Doctor insights on:
Acceptable Carbon Monoxide Levels
My carbon monoxide level was a 5. It said that was the normal level of an average smoker. I'm only 20 and have never smoked. What could this mean?
CO: Smoke marijuana? second hand smoke? methylene chloride solvent/paint thinner? Wood /gas burning stove? Old furnace? Power equipment in confined space . Car running in the garage? Ppoor ventilation. All produce/accumulate carbon monoxide check the furnace for leaks as that often is the culprit. Firemen can check the furnace for CO , and discuss possible sources. f/u/ w/ doc /occupational med ...Read more
How to know if carbon monoxide and oxygen levels are the same at death as they are 6 days after, or does o2 deplete quicker?
Uncertain: We don't know the effects of low level co poisoning over time. It surprises many people to hear that smokers can have 10-12% of their blood saturated with carbon monoxide or even more in heavy smokers. Since it displaces oxygen from red blood cells, there are probably some long term consequences such as premature aging, but it hasn't been studied in a way that we can be certain. ...Read moreSee 1 more doctor answer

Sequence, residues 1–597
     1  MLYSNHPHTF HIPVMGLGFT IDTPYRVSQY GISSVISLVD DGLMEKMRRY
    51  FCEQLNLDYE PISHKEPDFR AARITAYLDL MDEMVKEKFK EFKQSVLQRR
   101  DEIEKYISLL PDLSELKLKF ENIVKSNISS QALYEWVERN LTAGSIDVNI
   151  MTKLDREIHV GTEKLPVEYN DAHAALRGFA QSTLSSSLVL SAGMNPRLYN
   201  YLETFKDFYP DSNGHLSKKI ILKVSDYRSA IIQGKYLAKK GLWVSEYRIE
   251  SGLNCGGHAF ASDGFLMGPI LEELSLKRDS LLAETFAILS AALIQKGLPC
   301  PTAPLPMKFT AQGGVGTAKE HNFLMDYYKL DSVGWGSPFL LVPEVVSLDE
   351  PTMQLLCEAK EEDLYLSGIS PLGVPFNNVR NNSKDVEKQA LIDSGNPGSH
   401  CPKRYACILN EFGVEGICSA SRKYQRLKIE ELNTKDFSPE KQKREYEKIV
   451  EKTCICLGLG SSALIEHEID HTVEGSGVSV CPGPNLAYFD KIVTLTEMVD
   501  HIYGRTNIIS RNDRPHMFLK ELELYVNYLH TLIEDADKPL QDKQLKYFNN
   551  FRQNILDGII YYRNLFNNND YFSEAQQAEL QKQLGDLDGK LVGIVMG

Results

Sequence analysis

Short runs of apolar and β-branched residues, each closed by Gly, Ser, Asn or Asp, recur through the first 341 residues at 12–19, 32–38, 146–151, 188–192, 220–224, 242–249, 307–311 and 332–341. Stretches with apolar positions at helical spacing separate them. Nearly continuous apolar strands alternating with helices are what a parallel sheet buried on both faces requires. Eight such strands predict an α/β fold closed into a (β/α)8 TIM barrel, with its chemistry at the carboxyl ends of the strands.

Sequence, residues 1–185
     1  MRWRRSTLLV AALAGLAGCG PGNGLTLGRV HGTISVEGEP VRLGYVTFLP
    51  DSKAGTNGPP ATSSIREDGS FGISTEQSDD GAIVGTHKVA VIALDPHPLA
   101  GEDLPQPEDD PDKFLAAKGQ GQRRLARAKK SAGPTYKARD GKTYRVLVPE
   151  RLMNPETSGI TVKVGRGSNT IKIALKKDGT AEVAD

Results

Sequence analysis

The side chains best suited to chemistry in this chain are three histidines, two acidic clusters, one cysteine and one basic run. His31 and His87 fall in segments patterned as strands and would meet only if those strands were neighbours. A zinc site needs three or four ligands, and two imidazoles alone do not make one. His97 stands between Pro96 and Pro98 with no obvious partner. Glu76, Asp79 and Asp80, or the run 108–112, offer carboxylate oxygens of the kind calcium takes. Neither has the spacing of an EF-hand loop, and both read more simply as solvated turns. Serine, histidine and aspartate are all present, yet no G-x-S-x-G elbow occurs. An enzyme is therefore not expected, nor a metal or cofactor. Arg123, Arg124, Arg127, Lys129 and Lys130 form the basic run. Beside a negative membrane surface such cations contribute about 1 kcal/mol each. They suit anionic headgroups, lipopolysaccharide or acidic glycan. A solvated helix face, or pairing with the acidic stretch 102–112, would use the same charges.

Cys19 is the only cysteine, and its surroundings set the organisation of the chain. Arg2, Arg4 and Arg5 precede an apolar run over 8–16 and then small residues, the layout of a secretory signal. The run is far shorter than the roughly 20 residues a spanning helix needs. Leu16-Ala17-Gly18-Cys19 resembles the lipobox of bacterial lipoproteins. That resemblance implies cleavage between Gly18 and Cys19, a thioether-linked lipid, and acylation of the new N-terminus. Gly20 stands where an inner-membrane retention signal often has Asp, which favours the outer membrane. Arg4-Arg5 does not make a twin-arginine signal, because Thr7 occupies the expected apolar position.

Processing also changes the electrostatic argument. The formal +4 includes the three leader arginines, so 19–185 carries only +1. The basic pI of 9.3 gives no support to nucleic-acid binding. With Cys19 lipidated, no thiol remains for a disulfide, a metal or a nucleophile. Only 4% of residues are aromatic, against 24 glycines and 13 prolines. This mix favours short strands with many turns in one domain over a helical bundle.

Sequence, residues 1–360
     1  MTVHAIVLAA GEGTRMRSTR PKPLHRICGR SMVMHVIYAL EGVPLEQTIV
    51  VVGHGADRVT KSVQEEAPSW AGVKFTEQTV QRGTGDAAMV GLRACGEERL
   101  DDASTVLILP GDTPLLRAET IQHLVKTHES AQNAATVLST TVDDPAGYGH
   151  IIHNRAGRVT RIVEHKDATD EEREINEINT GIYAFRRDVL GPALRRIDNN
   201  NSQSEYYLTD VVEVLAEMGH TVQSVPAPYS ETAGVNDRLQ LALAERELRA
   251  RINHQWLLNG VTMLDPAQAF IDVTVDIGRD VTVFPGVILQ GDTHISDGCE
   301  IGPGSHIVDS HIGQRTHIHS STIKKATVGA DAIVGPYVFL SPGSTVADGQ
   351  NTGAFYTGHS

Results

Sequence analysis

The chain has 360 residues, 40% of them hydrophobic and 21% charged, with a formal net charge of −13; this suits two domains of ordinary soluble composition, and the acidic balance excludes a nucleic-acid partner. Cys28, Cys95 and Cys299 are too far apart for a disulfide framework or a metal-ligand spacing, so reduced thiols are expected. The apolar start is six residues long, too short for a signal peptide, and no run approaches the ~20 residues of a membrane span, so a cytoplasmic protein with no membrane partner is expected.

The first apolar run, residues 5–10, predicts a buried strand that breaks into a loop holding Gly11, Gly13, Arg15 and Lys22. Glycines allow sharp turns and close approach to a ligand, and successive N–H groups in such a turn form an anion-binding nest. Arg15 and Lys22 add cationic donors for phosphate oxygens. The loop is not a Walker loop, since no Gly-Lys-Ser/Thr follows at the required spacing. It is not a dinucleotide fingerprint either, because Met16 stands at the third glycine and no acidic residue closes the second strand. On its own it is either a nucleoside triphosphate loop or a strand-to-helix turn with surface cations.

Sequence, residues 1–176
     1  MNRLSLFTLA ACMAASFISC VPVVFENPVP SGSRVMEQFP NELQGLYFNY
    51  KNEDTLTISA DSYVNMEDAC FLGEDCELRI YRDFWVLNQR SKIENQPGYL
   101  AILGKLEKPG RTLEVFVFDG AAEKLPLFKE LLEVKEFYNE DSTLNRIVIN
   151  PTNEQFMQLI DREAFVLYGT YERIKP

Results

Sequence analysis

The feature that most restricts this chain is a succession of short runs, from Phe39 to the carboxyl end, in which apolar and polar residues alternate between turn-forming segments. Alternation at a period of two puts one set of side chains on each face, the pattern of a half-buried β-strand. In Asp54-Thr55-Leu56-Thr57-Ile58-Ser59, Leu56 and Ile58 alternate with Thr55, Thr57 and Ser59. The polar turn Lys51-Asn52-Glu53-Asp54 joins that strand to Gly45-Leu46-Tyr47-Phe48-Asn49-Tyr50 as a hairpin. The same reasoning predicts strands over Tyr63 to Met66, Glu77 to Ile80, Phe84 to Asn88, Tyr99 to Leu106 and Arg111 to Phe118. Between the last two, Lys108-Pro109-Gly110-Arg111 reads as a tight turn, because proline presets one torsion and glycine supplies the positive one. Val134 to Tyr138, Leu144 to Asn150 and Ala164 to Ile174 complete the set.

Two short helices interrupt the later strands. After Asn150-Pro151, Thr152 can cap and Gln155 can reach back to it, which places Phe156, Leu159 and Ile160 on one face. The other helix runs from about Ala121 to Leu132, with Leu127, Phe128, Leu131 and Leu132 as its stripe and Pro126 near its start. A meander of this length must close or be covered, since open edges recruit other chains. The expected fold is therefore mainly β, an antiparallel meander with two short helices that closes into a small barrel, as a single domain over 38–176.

I got blood work done after a carbon monoxide leak was discovered at work and came back with a 2.5 level. Is this a high level for a non-smoker?
Not high, but...: Non-smokers in non-urban, non-industrial areas are probably under 1-2%. People living in urban, industrialized areas can be a little bit higher, so 2-3% sounds ok. Smokers can be at 4-8%, approximately. However, the half-life (how long it takes for a higher level to drop in half) is about 5 hours. The 2.5% could have been there always, or could have been a decrease from a level of 5%, 5 hours ago. ...Read more
Low levels of all: dhea, alkaline phosphase, igm, IgG and carbon monoxide and calcium has gone from 10 to 9.4 in 1 month. Any ideas please?
Husband has end stage COPD also is building up carbon monoxide in his blood his doctor said hes at a toxic level also is sleeping alot what should i?
Incomplete combustio: Generally, it's formed from incomplete combustion of fossil fuels. In chemistry, a hydrocarbon should burn in oxygen to carbon dioxide and water. However, other by-products may form such as carbon monoxide, nitrogen, and sulfur containing compounds. Carbon monoxide is dangerous because it preferentially and more tightly binds to hemoglobin molecules than oxygen. Cells can't use co so they die. ...Read more
50%: This varies, but 50% would be lethal for most people. However, small children, an unborn child, and elderly would be more susceptible to lower doses. Carbon monoxide binds to blood cells causing caboxyhemoglobin which makes the red cell unable to oxygenate. At 10 to 15 % most people will be symptomatic- headache, fatigue, flu like symptoms. As the perecentage increases so do the symptoms. ...Read more
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